My name is Joshua Segal. I receved the material for this website from Russ LaChapelle who maintained it for a number of years. I left the content of the original author (whom I have never met) intact because I want him to get credit for his work. Since for the time being I am maintaining the site, the "mailto links Joshua Segal", will send your inquiries, questions, addenda, etc. to me

Thank you for visiting this web site. It has been virtually thirty five years in the making as it has been my lifetime dream to share with others the passion for what makes the mechanics of skiing and its history so fascinating.

It all started for me in Liverpool, New York, the winter of 1964/65. I began messing around with skiing at the age of nine on a small slope behind a friend's home. It was the neighborhood winter playground and on any given weekend as many as twenty five kids and sometimes our parents would have an absolute blast enjoying the "lake effect" snow. My love for this sport led to writing the many ski areas in the northeast to create a collection of brochures and other related information. I found, by far, New York had more ski areas than any state in the Americas. I had a New York state map on my bedroom wall and on it were one hundred and twenty red dots. Each of these dots were ski areas within its borders. The location of each dot became well known to me; a memory well embedded. I regularly skied a hot bed of several new ski areas in and around central New York. I knew these loveable little areas like the back of my hand as I became enchanted by what they were.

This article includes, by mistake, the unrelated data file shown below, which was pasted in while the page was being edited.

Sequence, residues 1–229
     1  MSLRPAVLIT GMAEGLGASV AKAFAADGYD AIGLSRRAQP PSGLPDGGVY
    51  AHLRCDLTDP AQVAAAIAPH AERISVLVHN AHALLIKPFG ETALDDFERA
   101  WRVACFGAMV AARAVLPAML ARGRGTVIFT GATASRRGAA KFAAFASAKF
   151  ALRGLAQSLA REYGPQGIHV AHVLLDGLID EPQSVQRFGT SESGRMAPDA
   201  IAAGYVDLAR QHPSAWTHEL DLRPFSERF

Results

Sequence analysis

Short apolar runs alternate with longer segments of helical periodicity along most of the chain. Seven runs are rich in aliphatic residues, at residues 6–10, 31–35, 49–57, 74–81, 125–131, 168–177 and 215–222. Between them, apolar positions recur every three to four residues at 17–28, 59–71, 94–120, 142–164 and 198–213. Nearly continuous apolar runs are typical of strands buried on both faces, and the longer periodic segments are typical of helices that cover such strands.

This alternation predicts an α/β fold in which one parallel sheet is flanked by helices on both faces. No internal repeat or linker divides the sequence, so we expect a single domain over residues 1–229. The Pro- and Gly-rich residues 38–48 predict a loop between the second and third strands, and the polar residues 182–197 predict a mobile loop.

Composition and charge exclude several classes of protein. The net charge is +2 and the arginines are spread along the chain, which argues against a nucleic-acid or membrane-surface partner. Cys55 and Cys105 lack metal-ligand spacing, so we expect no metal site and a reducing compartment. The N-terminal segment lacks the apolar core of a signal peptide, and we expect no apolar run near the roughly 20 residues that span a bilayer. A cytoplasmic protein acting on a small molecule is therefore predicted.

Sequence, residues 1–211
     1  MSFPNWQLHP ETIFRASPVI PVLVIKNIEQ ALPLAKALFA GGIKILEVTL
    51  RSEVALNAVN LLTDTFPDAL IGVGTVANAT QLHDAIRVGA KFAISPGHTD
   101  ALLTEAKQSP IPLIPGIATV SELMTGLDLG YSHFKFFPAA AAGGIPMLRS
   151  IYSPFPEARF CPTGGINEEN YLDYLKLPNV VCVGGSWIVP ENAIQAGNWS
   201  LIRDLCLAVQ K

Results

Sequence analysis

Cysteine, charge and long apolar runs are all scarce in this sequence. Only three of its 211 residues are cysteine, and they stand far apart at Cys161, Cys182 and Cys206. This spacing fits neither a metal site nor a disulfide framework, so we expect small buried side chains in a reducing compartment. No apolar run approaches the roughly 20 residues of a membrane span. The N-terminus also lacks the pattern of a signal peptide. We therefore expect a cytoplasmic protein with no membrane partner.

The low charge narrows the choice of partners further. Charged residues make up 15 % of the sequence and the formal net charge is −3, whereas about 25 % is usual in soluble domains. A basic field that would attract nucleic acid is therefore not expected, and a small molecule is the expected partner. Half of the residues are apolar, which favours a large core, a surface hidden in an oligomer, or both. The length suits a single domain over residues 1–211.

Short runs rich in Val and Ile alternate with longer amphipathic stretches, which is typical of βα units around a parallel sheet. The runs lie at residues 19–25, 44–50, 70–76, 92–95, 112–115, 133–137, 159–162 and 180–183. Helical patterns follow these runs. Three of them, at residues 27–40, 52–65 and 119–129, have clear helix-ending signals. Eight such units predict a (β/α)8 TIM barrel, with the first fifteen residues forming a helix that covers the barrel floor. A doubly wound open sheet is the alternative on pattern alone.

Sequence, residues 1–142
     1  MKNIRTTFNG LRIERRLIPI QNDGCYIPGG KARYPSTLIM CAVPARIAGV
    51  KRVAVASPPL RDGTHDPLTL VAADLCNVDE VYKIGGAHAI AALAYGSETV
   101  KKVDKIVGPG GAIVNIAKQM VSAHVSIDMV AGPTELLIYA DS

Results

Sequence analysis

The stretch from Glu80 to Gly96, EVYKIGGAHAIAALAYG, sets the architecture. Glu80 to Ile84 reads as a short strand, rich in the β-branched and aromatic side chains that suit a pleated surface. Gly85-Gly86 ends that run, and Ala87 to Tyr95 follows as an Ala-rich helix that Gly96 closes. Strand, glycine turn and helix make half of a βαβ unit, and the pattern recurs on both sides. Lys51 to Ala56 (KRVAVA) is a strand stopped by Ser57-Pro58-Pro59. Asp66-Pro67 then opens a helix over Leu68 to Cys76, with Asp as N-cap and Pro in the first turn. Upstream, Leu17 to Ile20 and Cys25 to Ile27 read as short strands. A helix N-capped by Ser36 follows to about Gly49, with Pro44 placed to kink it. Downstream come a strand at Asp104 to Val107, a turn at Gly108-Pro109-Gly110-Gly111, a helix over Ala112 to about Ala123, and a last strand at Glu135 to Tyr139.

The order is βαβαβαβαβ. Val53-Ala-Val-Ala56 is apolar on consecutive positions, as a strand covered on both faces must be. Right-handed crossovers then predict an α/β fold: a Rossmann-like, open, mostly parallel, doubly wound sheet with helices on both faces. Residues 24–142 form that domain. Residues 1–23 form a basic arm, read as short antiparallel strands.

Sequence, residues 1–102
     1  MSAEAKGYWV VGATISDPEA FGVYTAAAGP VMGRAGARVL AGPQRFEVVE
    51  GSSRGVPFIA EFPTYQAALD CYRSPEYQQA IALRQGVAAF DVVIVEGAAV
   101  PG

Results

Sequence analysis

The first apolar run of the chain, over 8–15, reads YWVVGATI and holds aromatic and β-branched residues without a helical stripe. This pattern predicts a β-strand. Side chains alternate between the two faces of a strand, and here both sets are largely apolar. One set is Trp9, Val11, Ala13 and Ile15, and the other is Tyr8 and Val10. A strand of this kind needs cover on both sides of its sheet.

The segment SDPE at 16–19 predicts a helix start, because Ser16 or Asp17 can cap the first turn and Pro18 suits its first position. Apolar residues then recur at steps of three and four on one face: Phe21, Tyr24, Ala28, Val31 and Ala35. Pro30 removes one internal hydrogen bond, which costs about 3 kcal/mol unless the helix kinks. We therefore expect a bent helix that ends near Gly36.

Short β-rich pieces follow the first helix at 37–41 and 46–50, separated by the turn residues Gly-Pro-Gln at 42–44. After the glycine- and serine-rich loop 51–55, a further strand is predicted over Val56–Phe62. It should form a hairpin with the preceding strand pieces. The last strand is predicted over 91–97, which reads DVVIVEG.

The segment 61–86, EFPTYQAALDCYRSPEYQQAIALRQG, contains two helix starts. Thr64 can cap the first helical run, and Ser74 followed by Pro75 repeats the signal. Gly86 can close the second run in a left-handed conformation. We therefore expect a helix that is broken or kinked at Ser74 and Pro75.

In the beginning of my first year at Liverpool High School, my family moved to the Albany area as my father received a transfer with his job. My dreams unfolded as this opened up a brand new opportunity to finally ski the New York State big mountains. One by one, I skied as many new places as I could reach with the high school ski club, the MWF or by getting parents to drive. At age sixteen, with my driving license in hand, I worked my way to Canada and the state's of New England. By the time I was thirty, I had skied several times out west, all the northeastern ski areas with a 2,000 foot vertical drop or greater and many that fell below that mark.

During the 1970's, I realized many of the areas I loved and remembered from my youth had closed. On closer examination, approximately two thirds of the one hundred and twenty red dots placed on my bedroom wall map were either no longer operating or had become ski clubs.

Why did this happen?

A large number of the New York ski areas that existed was the direct result of a visionary engineer, Victor Hall. Settling in Watertown, HALL LIFTS offered well-built methods of getting skiers uphill at a very reasonable expense. Virtually in their backyard, this created opportunities for ski area operations offering first class service and quick consultation.

To quench their thirst for more, "baby boomers" needed larger vertical drops. Many smaller operations lost skier visits which made their operations what they were. Other areas suffered various  problems such as bad snow years, land disputes and poor cash flow .

The importance of truth through perspective...

Observations of those who skied the areas can create conjecture.  What they experienced was based upon the time they spent enjoying the skiing rather than watching the forces that offered them the opportunity in the first place. The real history comes from the stories told by the operators themselves. Through personal interviews with these individuals, I hope to bring perspective to what really happened. Their stories will be added as updates in the future.







Out of respect for the love of what these individuals did, I have chosen this approach. Relating to what they went through and the stories they hold dear... is truly skiing history.




Joshua Segal